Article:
PDA

View Full Version : Difference between Sonos & Squeezebox re: NAS



socistep
2009-01-06, 06:50
Hi All,

Quick query to satisfy my curious mind....despite my best attempts a work colleague of mine has decided to get a Sonos set-up (he must have got a better bonus then me) and into that a Buffalo Linkstation NAS, from the conversations we've had he's said that he can just plug in the NAS and the Sonos system will pick up the music etc. from that.

As most know we have to have Squeezecenter running on the NAS, if want to use standalone, which causes quite a few challenges for people - at a high level how differently does the Sonos work to Squeezebox in this scenario ?

I presume that the Sonos 'box' runs their equivilant of Squeezecenter whereas Squeezebox has to have this running on a seperate PC, server, NAS etc. ?

Thanks
Ian

autopilot
2009-01-06, 08:25
To put it simply as i can, Squeezebox's are 'thin clients' - most operations and functions are handled by the server (squeezecenter). Sonos on the other hand do more processing locally - Sonos players are more complex and have far less server requirements (in fact all they require is a basic share or upnp server).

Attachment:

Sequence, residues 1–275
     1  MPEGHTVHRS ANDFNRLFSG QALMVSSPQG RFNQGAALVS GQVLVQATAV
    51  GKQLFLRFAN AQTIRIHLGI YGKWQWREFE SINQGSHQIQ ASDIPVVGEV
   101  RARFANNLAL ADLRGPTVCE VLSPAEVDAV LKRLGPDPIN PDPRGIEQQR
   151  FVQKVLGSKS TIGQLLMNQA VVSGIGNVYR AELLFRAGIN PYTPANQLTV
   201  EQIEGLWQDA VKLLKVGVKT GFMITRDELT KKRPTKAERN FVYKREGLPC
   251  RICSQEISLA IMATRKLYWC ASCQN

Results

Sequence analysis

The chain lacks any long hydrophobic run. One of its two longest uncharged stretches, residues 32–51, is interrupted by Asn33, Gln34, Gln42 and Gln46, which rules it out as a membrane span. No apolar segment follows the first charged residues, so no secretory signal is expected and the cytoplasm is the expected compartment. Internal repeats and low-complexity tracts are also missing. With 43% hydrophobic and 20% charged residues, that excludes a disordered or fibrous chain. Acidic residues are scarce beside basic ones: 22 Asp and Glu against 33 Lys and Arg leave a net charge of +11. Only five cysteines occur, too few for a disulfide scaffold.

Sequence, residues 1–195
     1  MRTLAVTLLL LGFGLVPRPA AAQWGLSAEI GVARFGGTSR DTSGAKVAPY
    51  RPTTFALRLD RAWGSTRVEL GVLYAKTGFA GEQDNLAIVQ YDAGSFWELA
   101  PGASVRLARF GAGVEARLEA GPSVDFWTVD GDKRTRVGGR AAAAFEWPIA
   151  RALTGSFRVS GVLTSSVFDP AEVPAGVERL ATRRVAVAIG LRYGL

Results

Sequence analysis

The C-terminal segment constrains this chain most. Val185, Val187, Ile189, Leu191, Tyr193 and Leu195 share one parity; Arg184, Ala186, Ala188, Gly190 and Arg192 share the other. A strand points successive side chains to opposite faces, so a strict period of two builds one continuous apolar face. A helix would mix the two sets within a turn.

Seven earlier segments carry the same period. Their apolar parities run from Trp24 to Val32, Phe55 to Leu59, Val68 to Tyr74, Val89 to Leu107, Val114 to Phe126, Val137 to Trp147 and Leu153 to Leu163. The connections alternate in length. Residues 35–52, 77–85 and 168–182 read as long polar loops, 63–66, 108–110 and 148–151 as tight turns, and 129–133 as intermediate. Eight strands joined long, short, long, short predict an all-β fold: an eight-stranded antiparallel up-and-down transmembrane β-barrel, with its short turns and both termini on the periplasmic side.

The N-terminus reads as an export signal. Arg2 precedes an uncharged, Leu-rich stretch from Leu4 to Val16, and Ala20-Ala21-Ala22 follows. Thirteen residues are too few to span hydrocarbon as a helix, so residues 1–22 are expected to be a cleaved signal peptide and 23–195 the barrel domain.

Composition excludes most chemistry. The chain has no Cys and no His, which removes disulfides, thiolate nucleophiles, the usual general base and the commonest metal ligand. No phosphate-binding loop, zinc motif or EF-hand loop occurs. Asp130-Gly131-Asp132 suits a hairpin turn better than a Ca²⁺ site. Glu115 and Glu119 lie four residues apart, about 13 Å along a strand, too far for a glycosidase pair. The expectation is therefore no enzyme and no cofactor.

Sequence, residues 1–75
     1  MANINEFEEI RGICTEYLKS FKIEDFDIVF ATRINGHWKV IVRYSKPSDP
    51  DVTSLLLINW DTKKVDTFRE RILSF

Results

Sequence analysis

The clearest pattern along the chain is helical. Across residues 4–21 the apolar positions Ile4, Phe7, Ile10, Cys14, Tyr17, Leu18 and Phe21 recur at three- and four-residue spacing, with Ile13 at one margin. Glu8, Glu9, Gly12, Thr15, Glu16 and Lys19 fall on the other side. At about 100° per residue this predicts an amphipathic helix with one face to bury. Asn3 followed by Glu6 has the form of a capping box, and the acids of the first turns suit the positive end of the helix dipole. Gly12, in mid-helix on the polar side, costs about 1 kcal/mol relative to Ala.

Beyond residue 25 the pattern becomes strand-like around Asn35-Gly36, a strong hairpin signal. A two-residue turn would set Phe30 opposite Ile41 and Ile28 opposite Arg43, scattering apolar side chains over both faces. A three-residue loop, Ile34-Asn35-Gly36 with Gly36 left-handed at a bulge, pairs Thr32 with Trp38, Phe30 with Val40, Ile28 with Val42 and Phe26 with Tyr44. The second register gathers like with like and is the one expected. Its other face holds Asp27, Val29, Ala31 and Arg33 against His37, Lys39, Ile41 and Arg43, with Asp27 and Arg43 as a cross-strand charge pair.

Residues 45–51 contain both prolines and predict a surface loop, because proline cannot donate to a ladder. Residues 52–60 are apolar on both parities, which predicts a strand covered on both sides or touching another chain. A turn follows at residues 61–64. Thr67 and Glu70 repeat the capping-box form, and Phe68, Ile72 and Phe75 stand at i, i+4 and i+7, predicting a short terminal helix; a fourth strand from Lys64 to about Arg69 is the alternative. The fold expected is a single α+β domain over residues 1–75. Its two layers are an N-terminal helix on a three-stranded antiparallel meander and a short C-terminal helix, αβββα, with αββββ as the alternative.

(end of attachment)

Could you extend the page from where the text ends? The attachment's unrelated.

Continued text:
Pro's and cons to both approaches - but the main upshot for the Squeezebox approach is cheaper devices, and an open source extensible server architecture that allows for all the plugins and flexibility. Many of the best functions come from plugins, which Sono's don't have. The main 'pro' for sonos IMO is the extra stability, easier setup and slightly better networking - but it was never enough to sway me, even if it means a high speced server is required (still cheaper in the long run, if you have 2 or more rooms).

socistep
2009-01-06, 09:22
To put it simply as i can, Squeezebox's are 'thin clients' - most operations and functions are handled by the server (squeezecenter). Sonos on the other hand do more processing locally - Sonos players are more complex and have far less server requirements (in fact all they require is a basic share or upnp server).

Pro's and cons to both approaches - but the main upshot for the Squeezebox approach is cheaper devices, and an open source extensible server architecture that allows for all the plugins and flexibility. Many of the best functions come from plugins, which Sono's don't have. The main 'pro' for sonos IMO is the extra stability, easier setup and slightly better networking - but it was never enough to sway me, even if it means a high speced server is required (still cheaper in the long run, if you have 2 or more rooms).

Thanks that explains it well.

I still believe the pro's for SB far outweigh the Sonos, but I guess their approach is "easier" for NAS's which cause a lot of SB users issues